Help them play (Slate): “Adults often assume that most learning is the result of teaching and that exploratory, spontaneous learning is unusual. But actually, spontaneous learning is more fundamental. It’s this kind of learning, in fact, that allows kids to learn from teachers in the first place.”
Lately I’ve been part of a project helping tutor an individual in assisted living, who is disabled, in learning how to navigate the Web and email, with the eventual goal of uploading his music to YouTube. I can’t wait to introduce you to him – he’s fantastic and his songwriting is interesting.
It has been a terrific experience, an eye opener, and a reminder of things I I might have forgotten from when I used to develop applications for folks I worked with at Sears, who were not familiar with using a mouse, let alone an application of some sort.
Two things that come to mind that I will probably talk more about in later posts are that metaphors and analogies are terrific communication tools and that we as programmers and web service producers still make things too damn hard – there is still tremendous opportunity for innovation.
Markup that web browsers recognize for Login and Logout links/activities/forms so that the web browser itself can present a common interface for this kind of common action. Everyone has these interactions in different locations, with different looks and feels, but for those people who are disadvantaged in some way, this could provide a common interface. This way, web designers can keep the flexibility in their UI designs they seek *and* an additional utility would be available in the browser itself, to assist those who need it.
Just an idea to throw out there.
I’m thankful to be in a position to do this, and I hope to share more as this project progresses.
Tell me and I’ll forget; show me and I may remember; involve me and I’ll understand.”
It’s an old proverb. One worth repeating.
Paul Lockhart’s terrific essay about the state of mathematics education and what should be done: A Mathematician’s Lament (25 page must read PDF):
G.H. Hardy’s excellent description:
A mathematician, like a painter or poet, is a maker
of patterns. If his patterns are more permanent than
theirs, it is because they are made with ideas.
So mathematicians sit around making patterns of ideas. What sort of patterns? What sort of ideas? Ideas about the rhinoceros? No, those we leave to the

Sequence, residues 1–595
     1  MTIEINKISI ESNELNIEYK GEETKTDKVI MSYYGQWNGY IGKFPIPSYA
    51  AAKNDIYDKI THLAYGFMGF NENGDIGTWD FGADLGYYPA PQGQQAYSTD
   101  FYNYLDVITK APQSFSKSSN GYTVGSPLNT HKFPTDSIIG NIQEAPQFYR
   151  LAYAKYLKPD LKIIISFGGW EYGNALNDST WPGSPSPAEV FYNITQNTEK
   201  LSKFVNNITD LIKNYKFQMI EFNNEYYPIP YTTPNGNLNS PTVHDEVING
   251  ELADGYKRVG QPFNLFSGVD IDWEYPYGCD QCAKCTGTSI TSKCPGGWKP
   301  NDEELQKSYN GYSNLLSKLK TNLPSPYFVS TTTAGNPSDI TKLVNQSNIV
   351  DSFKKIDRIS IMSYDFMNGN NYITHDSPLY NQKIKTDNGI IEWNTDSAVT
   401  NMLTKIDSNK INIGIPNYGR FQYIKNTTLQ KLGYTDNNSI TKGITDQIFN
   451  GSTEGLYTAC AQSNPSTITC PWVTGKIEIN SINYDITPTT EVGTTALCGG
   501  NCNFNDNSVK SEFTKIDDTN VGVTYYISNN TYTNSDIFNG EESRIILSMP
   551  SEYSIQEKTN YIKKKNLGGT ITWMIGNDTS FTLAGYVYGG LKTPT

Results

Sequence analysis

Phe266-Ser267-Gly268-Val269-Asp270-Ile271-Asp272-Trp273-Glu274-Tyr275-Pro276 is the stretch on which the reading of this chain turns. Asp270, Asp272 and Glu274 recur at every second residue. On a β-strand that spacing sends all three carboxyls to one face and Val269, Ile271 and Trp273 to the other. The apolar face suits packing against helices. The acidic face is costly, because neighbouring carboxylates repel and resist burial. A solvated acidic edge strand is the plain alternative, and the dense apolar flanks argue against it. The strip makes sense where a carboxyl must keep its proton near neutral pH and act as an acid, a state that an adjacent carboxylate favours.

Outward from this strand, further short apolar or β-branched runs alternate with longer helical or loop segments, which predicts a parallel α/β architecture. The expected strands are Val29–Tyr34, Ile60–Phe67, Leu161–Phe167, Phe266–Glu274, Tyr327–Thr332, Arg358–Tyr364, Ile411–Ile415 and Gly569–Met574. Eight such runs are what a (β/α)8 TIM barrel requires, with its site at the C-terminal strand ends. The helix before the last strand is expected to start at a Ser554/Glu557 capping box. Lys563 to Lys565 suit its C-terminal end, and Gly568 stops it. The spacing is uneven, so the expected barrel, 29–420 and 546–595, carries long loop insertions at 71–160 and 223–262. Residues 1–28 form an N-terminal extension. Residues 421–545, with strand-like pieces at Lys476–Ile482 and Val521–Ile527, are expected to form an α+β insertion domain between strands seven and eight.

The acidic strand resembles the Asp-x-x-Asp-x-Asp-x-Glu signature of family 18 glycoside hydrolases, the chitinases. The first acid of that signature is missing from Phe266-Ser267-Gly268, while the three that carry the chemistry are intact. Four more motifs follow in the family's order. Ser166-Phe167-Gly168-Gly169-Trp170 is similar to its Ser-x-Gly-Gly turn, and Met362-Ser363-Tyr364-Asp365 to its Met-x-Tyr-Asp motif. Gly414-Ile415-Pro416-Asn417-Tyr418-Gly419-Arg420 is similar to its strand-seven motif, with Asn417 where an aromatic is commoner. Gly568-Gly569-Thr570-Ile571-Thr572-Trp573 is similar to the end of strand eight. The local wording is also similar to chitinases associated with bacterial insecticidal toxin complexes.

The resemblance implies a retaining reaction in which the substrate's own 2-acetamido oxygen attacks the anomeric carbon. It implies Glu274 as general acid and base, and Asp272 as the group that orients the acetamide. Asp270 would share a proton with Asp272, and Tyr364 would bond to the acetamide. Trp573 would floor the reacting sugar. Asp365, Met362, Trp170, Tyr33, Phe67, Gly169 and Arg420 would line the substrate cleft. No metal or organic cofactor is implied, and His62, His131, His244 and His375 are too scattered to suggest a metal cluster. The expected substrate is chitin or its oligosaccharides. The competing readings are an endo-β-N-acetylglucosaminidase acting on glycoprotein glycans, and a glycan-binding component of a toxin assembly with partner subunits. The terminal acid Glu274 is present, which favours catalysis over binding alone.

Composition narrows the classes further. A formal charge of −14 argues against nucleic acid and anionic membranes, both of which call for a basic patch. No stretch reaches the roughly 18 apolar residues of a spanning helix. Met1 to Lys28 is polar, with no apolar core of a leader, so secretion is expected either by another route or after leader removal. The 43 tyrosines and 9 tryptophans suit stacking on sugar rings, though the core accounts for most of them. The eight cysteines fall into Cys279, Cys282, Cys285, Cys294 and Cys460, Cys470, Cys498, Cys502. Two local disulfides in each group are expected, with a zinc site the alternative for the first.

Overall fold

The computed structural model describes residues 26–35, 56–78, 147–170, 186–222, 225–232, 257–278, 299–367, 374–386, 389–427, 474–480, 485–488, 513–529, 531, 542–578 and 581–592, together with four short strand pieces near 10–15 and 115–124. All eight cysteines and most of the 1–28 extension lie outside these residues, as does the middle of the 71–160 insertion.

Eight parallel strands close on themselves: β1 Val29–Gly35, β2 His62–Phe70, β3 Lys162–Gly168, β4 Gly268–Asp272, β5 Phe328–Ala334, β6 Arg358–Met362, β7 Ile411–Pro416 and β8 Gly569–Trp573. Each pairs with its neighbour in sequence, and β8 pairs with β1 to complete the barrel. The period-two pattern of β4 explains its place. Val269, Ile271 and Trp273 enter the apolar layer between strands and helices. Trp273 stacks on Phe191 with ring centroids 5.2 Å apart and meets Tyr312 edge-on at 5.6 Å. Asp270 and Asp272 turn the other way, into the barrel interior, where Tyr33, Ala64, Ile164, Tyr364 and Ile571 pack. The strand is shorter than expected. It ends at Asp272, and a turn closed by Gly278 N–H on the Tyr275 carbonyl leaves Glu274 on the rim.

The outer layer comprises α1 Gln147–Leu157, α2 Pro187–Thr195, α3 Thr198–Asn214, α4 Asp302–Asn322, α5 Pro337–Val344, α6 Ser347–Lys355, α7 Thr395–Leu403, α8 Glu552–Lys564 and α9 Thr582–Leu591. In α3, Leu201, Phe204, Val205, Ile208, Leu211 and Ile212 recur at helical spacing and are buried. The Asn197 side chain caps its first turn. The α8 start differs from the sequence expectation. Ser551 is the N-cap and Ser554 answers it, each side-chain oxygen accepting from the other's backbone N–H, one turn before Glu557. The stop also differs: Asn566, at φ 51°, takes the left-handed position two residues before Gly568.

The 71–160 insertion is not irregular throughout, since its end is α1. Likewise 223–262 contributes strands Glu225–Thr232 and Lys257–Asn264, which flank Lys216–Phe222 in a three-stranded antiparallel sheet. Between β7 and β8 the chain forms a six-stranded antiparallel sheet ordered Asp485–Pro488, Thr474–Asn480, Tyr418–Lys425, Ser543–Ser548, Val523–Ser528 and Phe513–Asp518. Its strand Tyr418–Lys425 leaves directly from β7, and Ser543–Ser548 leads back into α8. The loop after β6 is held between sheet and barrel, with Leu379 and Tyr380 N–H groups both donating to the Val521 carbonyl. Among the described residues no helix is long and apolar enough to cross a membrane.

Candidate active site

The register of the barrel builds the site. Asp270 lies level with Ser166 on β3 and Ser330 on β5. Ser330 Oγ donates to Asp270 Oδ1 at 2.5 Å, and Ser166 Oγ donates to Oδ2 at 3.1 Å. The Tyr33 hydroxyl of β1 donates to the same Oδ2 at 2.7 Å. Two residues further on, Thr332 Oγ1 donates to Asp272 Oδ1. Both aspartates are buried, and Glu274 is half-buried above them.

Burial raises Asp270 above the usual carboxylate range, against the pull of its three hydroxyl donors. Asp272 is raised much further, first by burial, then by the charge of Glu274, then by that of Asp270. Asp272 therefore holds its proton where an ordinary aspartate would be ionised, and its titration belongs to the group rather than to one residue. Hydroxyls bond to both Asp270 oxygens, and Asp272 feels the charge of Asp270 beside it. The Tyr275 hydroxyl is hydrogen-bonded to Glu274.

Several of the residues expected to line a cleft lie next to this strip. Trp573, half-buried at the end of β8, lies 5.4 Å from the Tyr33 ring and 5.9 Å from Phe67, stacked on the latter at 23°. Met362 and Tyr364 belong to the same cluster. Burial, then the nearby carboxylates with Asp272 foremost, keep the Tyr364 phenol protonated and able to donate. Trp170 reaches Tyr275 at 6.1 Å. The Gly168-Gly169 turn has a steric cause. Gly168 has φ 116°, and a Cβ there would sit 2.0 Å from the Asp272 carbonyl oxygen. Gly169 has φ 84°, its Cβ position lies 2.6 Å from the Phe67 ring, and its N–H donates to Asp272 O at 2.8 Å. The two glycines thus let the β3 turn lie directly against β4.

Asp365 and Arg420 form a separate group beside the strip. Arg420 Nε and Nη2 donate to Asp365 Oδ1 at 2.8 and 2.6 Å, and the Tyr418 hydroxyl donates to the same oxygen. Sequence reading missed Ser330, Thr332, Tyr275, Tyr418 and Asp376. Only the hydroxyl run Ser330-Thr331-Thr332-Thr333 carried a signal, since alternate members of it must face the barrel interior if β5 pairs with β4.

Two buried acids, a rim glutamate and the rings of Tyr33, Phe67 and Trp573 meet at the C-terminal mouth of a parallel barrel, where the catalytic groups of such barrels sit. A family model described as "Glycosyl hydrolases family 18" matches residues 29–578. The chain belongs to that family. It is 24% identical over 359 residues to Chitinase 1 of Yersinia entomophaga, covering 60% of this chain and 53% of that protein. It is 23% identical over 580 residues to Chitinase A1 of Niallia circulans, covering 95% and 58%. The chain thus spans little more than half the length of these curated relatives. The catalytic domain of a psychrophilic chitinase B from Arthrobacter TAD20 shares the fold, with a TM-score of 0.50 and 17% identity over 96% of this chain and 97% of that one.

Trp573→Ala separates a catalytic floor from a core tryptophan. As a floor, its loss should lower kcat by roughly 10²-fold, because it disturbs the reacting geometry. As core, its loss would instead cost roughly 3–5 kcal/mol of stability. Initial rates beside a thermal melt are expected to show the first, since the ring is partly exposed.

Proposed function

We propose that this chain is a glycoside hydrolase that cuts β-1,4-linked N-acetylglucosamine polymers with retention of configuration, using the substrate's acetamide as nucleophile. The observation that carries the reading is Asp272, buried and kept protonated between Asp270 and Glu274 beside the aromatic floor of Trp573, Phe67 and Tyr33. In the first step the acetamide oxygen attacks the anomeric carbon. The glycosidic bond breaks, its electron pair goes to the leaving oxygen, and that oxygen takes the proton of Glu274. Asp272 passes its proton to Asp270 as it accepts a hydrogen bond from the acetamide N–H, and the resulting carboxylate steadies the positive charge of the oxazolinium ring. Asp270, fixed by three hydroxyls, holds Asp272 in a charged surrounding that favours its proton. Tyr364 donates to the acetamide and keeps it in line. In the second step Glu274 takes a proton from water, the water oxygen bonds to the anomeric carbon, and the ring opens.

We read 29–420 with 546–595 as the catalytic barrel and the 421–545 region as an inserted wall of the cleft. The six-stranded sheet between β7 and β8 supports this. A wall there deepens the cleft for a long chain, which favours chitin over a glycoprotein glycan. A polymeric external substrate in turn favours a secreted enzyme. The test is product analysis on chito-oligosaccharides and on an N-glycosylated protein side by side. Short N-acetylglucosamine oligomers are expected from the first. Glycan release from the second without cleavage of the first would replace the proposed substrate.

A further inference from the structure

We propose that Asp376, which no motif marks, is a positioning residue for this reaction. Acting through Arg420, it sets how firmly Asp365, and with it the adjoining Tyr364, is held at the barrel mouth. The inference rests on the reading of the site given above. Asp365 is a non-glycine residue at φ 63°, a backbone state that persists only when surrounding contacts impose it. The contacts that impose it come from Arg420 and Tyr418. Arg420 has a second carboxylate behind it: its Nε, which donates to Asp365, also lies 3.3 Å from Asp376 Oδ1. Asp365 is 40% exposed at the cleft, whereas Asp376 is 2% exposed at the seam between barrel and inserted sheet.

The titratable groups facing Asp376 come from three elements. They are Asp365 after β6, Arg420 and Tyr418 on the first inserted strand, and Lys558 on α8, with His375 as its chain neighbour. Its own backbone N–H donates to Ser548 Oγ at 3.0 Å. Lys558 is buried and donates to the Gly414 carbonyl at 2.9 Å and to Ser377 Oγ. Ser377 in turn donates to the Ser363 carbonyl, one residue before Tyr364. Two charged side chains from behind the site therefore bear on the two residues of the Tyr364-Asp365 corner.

biologists. Ideas about language and culture? No, not usually. These things are
all far too complicated for most mathematicians’ taste. If there is anything
like a unifying aesthetic principle in mathematics, it is this: simple is
beautiful. Mathematicians enjoy thinking about the simplest possible things,
and the simplest possible things are imaginary.
By removing the creative process and leaving only the results of that process, you virtually guarantee that no one will have any real engagement with the
subject. It is like saying that Michelangelo created a beautiful sculpture,
without letting me see it.
By concentrating on what, and leaving out why, mathematics is reduced to an
empty shell. The art is not in the “truth” but in the explanation, the
argument. It is the argument itself which gives the truth its context, and
determines what is really being said and meant. Mathematics is the art of
explanation. If you deny students the opportunity to engage in this activity–
to pose their own problems, make their own conjectures and discoveries, to be
wrong, to be creatively frustrated, to have an inspiration, and to cobble
together their own explanations and proofs– you deny them mathematics
itself. So no, I’m not complaining about the presence of facts and formulas in
our mathematics classes, I’m complaining about the lack of mathematics in our
If teaching is reduced to mere data transmission, if there is no sharing of
excitement and wonder, if teachers themselves are passive recipients of
information and not creators of new ideas, what hope is there for their
students? If adding fractions is to the teacher an arbitrary set of rules, and